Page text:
MANILA - The local government of Quezon City plans to transform some buildings in the city into isolation facilities, as hospitals there continue to be filled with fresh admissions amid the surge of COVID-19 infections, it said Friday.
In a statement, the QC government said it has started identifying the possible buildings to attain an additional 1,000 isolation beds. The buildings being eyed include public schools, local government infrastructures, and dormitories.
"[These] are currently being considered, evaluated, and retrofitted into isolation or quarantine facilities to help reduce the number of transmissions in communities and also decongest emergency rooms and other hospital facilities," the statement read, noting that some buildings will also be used as dedicated quarters for health workers.
Mayor Joy Belmonte, on the other hand, described their initiative as the "fastest way" to decongest hospitals while also controlling the virus spread.
"Since asymptomatic or those with mild symptoms do not need extensive medical care, they can be admitted in these facilities until their full recovery," said Belmonte.
She also pointed out that they would assign health workers to monitor the patients.
REOPENING ISOLATION FACILITIES
The local government said that 3 buildings in the Quezon City University, previously used as community quarantine facilities last year, would be reopened to become isolation and quarantine facilities.
With the help of Philippine Red Cross (PRC), Philippine Medical Association and the Department of Public Works and Highways (DPWH), the University of the Philippines' Kamia Residence Hall will likewise be transformed into a quarantine facility, providing 282 beds.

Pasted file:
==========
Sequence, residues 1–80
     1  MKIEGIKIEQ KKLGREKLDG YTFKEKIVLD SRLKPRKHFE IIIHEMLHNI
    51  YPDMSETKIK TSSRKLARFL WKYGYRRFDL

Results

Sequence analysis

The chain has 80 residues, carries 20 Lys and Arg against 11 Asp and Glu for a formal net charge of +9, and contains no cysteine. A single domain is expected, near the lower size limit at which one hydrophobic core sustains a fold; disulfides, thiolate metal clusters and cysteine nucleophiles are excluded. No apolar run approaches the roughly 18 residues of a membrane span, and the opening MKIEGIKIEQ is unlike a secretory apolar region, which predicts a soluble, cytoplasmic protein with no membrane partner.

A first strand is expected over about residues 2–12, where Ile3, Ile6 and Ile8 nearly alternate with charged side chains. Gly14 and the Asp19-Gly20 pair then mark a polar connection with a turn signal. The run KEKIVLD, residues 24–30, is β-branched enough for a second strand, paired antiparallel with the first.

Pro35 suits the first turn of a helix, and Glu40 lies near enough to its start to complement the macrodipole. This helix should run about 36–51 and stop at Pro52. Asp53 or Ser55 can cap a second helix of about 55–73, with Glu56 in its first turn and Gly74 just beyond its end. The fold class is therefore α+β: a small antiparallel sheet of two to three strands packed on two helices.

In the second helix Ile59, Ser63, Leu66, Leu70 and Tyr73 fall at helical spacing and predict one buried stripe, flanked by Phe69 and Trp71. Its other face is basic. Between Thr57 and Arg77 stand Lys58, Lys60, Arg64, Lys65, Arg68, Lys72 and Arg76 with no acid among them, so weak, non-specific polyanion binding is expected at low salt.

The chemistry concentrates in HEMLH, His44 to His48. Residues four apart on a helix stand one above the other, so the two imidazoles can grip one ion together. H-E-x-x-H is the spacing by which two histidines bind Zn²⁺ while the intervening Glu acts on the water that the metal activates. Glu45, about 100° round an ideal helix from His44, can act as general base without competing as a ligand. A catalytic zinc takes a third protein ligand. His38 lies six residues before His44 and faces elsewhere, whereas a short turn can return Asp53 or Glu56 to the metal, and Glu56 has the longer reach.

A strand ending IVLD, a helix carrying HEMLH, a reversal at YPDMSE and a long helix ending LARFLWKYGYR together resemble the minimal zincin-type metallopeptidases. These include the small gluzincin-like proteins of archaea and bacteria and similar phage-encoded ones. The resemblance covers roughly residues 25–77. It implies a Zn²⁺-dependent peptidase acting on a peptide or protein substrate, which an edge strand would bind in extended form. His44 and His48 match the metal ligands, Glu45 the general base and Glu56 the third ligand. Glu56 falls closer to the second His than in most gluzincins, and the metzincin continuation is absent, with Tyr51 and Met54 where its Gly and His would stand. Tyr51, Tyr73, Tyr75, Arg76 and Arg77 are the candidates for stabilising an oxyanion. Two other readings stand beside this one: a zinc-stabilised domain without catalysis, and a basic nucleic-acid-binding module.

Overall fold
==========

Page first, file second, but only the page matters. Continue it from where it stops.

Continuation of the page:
"[This] will cater to COVID-19 patients who are asymptomatic or with mild symptoms," according to the statement.
San Francisco High School's Building B in Barangay Sto. Cristo, meanwhile, will become an isolation area with 4 beds in 24 classrooms.
The local government also partnered with Ateneo de Manila University and the PRC for additional quarantine facilities in the Ateneo’s Junior High School complex.
They clarified, however, that only patients referred by the Quezon City government would be allowed in the said quarantine facility.
"These buildings are just the initial list of identified facilities. The city government is in talks with other private organizations for the possible use of their facilities for COVID-19 patients or healthcare workers," the LGU said.
The Department of Health earlier identified Makati, QC, Taguig, and Manila hospitals that are seeing high admissions as COVID-19 cases continues to spike.
Meanwhile, hospitals in the capital region continue to be inundated with new COVID-19 admissions, despite nearly two weeks since the enhanced community quarantine (ECQ) was imposed in the region and nearby provinces of Rizal, Laguna, Cavite, and Bulacan.
Dedicated intensive care units in Metro Manila are 80 percent filled up, based on the health department's latest bulletin. Isolation beds have also reached 72 percent capacity.